When did your organization launch and why?
ClassHook launched as a website in February 2016 to help educators better engage their students and save time finding high-quality videos for their lessons. A 2016 Gallup poll reports that student engagement drops drastically, from 74% in 5th grade to just 32% in 11th grade. This is because students don’t find their learning to be important or relevant. As a result, millions of students are missing out on valuable knowledge, skills, and opportunities, and we want to help them be successful.
What does your organization do? What are its main goals? Main projects?
ClassHook helps K-12 teachers increase student engagement by 66% using a curated video library of popular TV shows and movies, leading to better student outcomes and less time spent lesson planning. ClassHook’s content is organized by topic, aligned to standards, and accompanied by discussion questions and smart tools to pique students’ curiosity and passion for learning. We change how students think about academic topics by presenting them in a different, more entertaining way. Imagine learning about the metric system through The Simpsons or about economics through Frozen.
Our goal is to make education more relevant, engaging, and inspiring for students so that they will have the knowledge and ambition to access more opportunities and become the changemakers of the future.
What makes your organization stand out? What would you say is the most unique thing about your organization?
ClassHook stands out by repurposing popular media for educational purposes. Most people don’t think of TV shows and movies as educational, but we shift that thinking by surfacing the educational moments in them. It’s incredible how much educational content, whether on purpose or incidental, is out there: we have over 6,400 scenes on our website, and we’re just getting started.
Unlike most organizations who create their own educational content, we are a content aggregator. In talking with teachers, we’ve learned that the problem isn’t a lack of content; instead, it’s finding the high-quality content that’s out there. We believe the most relevant type of content for students is popular media, as they’re frequently watching it, quoting from it, and it’s very much a part of their everyday lives.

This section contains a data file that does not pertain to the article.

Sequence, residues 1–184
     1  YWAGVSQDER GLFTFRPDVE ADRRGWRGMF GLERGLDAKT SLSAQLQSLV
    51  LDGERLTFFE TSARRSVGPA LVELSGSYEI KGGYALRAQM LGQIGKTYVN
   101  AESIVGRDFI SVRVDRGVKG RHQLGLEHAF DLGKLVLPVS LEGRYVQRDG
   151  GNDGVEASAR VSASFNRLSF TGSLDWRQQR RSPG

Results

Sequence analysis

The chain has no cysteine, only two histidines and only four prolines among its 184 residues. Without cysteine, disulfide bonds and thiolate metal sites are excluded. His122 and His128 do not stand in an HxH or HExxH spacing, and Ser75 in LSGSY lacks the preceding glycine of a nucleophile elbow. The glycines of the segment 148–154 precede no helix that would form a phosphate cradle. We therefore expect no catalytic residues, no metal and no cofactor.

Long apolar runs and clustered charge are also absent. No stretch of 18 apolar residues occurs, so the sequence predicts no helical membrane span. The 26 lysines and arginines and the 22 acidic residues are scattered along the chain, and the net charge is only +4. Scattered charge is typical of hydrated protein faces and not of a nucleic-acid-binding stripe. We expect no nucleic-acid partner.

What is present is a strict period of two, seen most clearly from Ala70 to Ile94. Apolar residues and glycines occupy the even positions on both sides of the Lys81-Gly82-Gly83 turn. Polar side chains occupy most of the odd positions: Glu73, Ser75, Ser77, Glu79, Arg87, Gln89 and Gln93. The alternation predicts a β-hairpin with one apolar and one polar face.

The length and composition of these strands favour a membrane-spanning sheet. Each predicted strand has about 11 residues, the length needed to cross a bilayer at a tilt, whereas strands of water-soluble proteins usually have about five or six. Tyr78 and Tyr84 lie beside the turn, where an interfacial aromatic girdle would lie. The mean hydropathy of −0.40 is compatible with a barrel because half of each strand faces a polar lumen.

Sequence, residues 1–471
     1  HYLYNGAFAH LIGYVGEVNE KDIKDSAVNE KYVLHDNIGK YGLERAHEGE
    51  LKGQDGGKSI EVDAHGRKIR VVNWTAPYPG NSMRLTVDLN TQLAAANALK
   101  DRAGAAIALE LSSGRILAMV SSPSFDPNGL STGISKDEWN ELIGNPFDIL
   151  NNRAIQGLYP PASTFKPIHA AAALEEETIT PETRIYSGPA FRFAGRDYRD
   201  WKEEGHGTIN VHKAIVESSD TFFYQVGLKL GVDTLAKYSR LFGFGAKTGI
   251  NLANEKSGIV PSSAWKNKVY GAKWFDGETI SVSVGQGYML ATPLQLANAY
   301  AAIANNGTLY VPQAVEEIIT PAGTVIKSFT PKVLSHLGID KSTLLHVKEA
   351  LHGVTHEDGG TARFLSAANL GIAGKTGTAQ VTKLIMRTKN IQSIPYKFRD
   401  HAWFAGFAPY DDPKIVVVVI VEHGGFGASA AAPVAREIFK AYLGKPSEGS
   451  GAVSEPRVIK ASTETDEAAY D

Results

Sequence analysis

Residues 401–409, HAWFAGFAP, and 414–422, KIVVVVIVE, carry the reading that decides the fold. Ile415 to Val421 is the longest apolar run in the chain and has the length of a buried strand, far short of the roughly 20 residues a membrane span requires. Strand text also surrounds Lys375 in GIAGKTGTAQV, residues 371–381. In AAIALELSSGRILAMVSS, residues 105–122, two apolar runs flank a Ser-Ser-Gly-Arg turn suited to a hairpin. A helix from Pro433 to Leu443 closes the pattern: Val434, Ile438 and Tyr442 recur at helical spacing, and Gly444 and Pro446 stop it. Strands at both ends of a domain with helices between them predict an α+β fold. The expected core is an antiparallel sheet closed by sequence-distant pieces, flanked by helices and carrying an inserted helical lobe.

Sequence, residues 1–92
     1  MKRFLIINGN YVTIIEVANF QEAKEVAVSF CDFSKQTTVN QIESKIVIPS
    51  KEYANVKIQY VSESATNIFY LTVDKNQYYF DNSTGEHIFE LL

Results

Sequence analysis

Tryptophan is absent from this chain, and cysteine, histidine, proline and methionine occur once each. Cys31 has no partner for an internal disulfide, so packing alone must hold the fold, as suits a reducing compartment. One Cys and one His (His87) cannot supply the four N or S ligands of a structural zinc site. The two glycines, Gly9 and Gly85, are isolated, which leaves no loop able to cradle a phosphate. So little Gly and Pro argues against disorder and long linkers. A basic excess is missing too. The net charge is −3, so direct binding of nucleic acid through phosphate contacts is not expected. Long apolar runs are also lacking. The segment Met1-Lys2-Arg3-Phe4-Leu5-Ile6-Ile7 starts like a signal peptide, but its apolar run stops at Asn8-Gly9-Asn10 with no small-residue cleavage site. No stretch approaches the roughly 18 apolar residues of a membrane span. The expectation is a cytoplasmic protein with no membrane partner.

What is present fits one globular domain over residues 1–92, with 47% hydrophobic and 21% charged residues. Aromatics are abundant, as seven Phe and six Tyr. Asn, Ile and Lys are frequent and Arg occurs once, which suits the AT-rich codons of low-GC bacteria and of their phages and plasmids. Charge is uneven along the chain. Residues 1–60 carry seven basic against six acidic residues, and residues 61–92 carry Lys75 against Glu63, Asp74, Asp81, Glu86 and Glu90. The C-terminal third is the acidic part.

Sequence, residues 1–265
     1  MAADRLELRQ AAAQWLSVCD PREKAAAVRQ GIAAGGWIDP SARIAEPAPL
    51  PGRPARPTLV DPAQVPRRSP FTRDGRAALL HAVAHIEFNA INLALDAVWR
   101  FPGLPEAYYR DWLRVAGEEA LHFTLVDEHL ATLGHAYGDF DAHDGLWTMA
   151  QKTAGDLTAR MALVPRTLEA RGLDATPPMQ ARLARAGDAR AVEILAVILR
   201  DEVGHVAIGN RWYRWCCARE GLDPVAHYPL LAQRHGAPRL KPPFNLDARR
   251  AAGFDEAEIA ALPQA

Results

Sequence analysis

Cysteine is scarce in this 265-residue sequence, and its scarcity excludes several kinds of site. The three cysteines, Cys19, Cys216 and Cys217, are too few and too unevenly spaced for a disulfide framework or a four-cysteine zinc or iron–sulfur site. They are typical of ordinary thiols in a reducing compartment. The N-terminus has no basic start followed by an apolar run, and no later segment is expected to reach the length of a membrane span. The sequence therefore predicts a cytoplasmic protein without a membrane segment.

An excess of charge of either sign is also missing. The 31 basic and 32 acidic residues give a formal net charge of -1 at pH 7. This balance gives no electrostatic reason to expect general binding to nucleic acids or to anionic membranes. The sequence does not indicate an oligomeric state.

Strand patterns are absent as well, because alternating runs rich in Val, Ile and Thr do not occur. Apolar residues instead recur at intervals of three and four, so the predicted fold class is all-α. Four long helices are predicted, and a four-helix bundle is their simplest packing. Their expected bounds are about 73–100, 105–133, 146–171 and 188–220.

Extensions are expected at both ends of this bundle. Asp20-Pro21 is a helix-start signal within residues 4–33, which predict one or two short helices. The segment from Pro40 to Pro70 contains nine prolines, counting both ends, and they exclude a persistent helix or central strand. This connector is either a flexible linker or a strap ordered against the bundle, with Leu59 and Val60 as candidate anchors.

What are recent projects or new resources that your organization would like to share with other NAMLE members?
We have been invited by the National Science Foundation’s SBIR program to submit a grant to develop technology that would automatically identify learning moments in media. We’re starting with TV shows and movies, as that is our expertise. Our goal is to help people learn through everyday media to make learning more accessible, fun, and relevant.
We are looking for partners who see merit in the technology and would be able to utilize it when it is commercially available. We are looking for both early testers of the technology and letters of support from these partners. This link is a one-pager summarizing the technology.
Additionally, we invite NAMLE members to view the video clips on our website and suggest others that may be relevant to media literacy. If ClassHook is a valuable resource for you, we would like to discuss gaining access to our Premium plan. Also, we would like to expand our footprint in media literacy as it becomes increasingly important, and we want experts in the community to inform us on how we build our video library in that area.
What are the connections between the work of your organization and media literacy?
ClassHook curates content from TV shows and movies that is appropriate, accurate and relevant. Teachers are able to easily search by subject or skill and utilize short clips to support active inquiry and critical thinking about the messages we receive and internalize. We recognize that media is a large part of culture and thus prioritize the inclusion of diverse content so that students can understand various perspectives and be agents of the change they wish to see.
ClassHook also supports teachers in building media literacy skills by incorporating discussion questions and tools to help educators guide students’ thinking and actively involve them in discussion as they watch videos on our website.
Why is media literacy important to your organization?
With media such a central part of our lives, it’s important that people understand how they are being influenced by it. Students in particular are susceptible to this influence because they have not yet developed the skills to identify bias and distinguish between reliable and unreliable sources. If we want students to develop healthy mindsets, they need to be able to think on their own.
Anything else you want our readers to know about your organization, your mission, or your staff?
We are incredibly dedicated to our work of making education more accessible, relevant, fun, and engaging. If there’s any way that you think we can collaborate, especially if you create your own content, please reach out!
The views and opinions expressed in the Organizational Spotlight blog are those of the authors and do not necessarily reflect the official policy or position of NAMLE or its members. The purpose of the Organizational Spotlight blog is to highlight our Organizational Partners and give them a place to share their reflections, opinions, and ideas.